City of Saints and Madmen

I’ve been itching to read Jeff Vandermeer for ages. My copy of City of Saints and Madmen came in earlier this week, and i dove into it, as i’m bogged down in at least a dozen other books, and a little fantasy seemed that it would be a good palate cleanser and/or momentum builder.

It’s, um…. I dunno. It’s more than enjoyable enough, but with this first piece, i keep thinking of someone putting Nick Cave and that guy from the Decemberists together in a room (some of the language is whimsically archaic, and i’m a little wary of that,) and telling them to do a round-robin story. All of the archaic language is making me cringe. Another analogy would be if Michael Moorcock (who wrote the intro) sliced up pages of the works of Herman Melville (whaling,) Joseph Conrad (rivers, civilization degenerating into savagery,) and Gabriel Garcia Marquez (tractless, fever-tainted jungles, obsessed priests,) with a good peppering of Lovecraft (fungi cults,) and other pulp horror brethern.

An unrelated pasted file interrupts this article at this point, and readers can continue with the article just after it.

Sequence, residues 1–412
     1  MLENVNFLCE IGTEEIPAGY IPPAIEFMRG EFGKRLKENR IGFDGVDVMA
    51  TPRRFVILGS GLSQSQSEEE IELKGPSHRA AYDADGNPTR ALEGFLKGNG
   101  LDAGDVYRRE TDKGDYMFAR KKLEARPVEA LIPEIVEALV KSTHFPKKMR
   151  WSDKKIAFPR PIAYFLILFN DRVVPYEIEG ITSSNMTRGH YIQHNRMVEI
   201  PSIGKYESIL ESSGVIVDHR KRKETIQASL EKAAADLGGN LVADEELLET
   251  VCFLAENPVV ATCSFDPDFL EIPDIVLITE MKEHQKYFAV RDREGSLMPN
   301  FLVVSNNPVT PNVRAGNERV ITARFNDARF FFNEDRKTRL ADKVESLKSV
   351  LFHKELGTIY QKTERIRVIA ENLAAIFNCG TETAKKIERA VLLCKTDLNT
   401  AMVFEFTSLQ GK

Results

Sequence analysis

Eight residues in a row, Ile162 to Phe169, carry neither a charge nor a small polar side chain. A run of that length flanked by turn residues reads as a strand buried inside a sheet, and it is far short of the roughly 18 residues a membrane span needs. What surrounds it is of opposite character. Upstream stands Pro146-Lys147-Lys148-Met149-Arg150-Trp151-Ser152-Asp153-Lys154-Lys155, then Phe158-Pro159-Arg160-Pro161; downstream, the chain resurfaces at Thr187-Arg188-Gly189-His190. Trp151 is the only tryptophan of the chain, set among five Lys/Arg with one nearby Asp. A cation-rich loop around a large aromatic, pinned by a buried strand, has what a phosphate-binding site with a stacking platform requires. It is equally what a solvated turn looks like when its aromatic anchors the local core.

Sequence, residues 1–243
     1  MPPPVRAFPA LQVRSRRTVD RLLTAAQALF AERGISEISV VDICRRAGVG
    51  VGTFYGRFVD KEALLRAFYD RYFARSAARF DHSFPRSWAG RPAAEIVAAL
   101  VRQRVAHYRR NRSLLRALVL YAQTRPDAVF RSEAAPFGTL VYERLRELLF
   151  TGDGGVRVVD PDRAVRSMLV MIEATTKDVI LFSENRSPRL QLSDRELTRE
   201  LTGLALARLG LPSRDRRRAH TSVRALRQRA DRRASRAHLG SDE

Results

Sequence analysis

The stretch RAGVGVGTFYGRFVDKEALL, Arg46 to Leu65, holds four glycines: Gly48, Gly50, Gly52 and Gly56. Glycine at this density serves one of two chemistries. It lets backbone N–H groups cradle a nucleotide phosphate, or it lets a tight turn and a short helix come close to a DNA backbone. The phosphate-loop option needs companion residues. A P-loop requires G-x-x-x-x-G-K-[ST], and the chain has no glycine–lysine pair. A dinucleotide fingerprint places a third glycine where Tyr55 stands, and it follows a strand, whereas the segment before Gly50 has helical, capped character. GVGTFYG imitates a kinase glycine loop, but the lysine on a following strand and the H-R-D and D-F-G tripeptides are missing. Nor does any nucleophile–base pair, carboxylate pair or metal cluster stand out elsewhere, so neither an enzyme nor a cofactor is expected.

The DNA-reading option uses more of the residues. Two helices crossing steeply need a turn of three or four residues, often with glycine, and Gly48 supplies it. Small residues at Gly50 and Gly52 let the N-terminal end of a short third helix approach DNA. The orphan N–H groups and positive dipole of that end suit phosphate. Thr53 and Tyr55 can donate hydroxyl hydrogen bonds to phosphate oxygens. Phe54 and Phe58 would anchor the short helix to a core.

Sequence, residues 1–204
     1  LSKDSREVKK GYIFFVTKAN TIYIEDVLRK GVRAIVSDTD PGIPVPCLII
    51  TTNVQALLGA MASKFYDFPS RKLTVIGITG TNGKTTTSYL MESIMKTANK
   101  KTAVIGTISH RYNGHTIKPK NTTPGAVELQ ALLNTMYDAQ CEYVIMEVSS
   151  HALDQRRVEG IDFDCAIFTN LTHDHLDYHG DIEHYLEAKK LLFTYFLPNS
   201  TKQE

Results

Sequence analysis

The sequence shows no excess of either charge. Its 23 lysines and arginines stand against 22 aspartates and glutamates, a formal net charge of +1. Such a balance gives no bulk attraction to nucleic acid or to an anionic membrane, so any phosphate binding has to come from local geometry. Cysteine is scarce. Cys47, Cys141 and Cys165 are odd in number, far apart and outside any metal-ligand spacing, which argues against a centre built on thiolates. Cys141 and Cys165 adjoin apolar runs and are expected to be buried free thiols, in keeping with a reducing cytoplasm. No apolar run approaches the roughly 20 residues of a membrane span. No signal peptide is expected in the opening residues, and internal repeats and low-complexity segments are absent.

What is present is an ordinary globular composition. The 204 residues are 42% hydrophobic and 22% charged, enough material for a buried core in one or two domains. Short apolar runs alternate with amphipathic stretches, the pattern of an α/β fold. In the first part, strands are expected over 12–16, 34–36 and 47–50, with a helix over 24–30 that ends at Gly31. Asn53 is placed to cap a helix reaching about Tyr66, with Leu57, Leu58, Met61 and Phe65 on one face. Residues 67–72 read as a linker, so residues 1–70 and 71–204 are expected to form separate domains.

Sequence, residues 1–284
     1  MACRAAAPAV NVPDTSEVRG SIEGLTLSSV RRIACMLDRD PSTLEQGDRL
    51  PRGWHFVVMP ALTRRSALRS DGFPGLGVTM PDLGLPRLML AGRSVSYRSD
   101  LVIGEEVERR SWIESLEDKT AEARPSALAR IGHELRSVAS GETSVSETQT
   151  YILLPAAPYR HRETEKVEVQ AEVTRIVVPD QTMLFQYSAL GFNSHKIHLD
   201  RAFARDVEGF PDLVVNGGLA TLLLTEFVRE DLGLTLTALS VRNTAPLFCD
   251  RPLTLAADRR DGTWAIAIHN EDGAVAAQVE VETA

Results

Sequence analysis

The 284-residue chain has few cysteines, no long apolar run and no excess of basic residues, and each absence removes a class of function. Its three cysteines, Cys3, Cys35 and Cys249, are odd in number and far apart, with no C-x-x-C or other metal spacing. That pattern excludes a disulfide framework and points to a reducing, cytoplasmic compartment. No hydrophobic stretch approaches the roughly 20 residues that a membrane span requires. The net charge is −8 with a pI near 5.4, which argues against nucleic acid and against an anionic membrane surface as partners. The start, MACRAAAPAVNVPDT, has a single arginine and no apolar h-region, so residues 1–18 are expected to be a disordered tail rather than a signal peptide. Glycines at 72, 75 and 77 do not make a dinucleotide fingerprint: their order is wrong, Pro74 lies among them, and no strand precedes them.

This is may not a bad thing. Hopefully i’ll do a followup when i get further into the book or finish.

gradual adoption of agriculture in Near East model gaining support

The evidence through archaeobotany show that wheat spikelets found in archaeology sites in sites in Turkey (Nevali Çori) and Syria (el Kerkh and Kosak Shamali) support a gradual adoption of agriculture, and not a rapid spread. The transition may have taken as long as 1,000 years, with the first agriculture beginning 10,000 years ago. Even proponents of the rapid adoption theory seem sympatheic to the new model.

neutrinos have mass